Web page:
The top floor of Windbalm Bed and Breakfast in Osceola Mills is proof that the right interior decorator can bring you the world at wholesale prices.
Many, if not most, of the fixtures here have been purchased secondhand at yard sales, scavenged and reassembled on site for maximum effect — which in this instance is “grandma’s house” with all of the warmth and none of the stodginess that may imply.
That all of these disparate lighting fixtures and end tables have folded so neatly together is another reminder never to underestimate the value of a unifying theme, even if that theme has been gently used.
Guests certainly don’t seem to mind.
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“They say they feel at home here,” Gina Raymond, Windbalm’s proprietress, said.
Whether that has provided Raymond with an edge remains to be seen. It’s comfort, not character, that drives the hospitality industry, a mass-produced blandness with broad appeal and limited personality.
Everybody is different. Everybody has a story and comes for a different reason.
This of course flies in the face of what Raymond has learned in just more than a year as a semi-professional innkeeper.
“Everybody is different. Everybody has a story and comes for a different reason,” she said.
When Raymond herself arrived at the old house’s doorstep, it was because she didn’t have many other options. Severe health problems had prevented her from working a full-time job, a situation that was not conducive to any kind of living arrangement.
“I was worried about where I was going to sleep at night, that’s where I was at,” Raymond said.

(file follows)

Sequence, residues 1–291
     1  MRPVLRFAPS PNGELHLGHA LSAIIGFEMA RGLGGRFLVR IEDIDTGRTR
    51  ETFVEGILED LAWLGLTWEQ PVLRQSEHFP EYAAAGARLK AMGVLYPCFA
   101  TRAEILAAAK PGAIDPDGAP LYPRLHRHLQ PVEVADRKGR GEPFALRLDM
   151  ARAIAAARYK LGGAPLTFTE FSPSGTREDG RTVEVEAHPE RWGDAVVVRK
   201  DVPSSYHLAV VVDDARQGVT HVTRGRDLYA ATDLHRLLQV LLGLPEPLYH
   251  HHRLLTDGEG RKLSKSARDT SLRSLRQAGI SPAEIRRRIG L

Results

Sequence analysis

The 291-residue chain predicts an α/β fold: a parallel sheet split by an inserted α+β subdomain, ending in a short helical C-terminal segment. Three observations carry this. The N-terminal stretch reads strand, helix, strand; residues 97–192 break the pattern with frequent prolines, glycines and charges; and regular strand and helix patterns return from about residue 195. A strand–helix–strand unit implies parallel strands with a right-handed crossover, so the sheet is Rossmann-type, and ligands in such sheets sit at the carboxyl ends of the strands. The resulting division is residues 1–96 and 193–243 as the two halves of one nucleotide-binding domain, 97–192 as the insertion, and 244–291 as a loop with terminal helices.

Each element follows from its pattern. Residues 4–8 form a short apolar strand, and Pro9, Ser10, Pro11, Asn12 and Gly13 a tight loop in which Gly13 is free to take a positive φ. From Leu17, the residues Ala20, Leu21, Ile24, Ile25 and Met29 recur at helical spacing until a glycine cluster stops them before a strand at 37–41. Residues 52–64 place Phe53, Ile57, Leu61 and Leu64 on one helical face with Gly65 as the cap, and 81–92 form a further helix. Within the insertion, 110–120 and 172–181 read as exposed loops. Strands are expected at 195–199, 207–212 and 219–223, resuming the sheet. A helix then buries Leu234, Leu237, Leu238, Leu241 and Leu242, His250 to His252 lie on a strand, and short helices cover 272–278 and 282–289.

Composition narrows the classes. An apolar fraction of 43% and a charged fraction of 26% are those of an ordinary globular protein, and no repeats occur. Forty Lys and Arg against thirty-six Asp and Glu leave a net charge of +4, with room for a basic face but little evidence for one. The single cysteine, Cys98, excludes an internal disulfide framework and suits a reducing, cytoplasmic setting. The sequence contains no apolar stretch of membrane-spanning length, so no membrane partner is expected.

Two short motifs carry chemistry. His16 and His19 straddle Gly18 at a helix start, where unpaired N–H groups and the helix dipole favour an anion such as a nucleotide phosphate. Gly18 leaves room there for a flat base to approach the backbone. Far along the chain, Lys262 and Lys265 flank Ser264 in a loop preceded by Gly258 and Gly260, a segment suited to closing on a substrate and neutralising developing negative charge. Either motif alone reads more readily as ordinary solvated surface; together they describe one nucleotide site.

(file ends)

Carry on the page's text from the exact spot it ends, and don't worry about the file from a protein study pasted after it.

She couch surfed with family and even lived for a while in her car, a two-door BMW that had seen better days, or at least warmer ones. After the heating system died, Raymond reached out to a friend for help and wound up living in a two-story house boasting views of a chicken coup and an apple orchard.
Eventually the house’s owner got married and moved out but offered to let Raymond stay — and pay rent.
At was at this point, a little more than a year ago, that she made her first post on Airbnb, an online marketplace where people can list or find accommodations located off the beaten path.
It was a whim really, a viable alternative to an extensive search for a full-time roommate that was single, female and pushing 40-something. All Raymond wanted was to break even, pay some bills and keep that nice roof that had landed oh so fortuitously over her head.
“Within three hours I had two reservations,” Raymond said.
Today, business is good — not booming, but not flat-lining either. Between the months of March and October, she had zero vacancies, which even to novice ears sounds more or less on mission.
I’m paying bills and I have a place to live and that’s what I’m thankful for.
A world map hanging in a hallway on the second-floor reinforces this notion. Pushpins stretch across the seven continents, a pointed reminder and point of origin for every guest international or domestic that has ever stayed at the small house in Osceola Mills.
In doing so, they have traded a mint on their pillow for a stay that is less a commodity and more of an experience, picking apples, making s’mores or just sitting in nature.
Still, for all of the added value of being able to meet the chicken that laid your breakfast, there’s no beating the simple pleasure of having some place to crash at the end of the night.
One of the pins on Raymond’s map is a stand-in for a man from Syria, a father to a Penn State freshman who was going through a difficult time.
The man searched for accommodations throughout town but couldn’t find a vacancy. He was planning on sleeping in his car when he discovered Windbalm on Airbnb.
Raymond gave that to him — because she knows what a night out of the cold can turn into.
“I’m paying bills and I have a place to live and that’s what I’m thankful for,” Raymond said.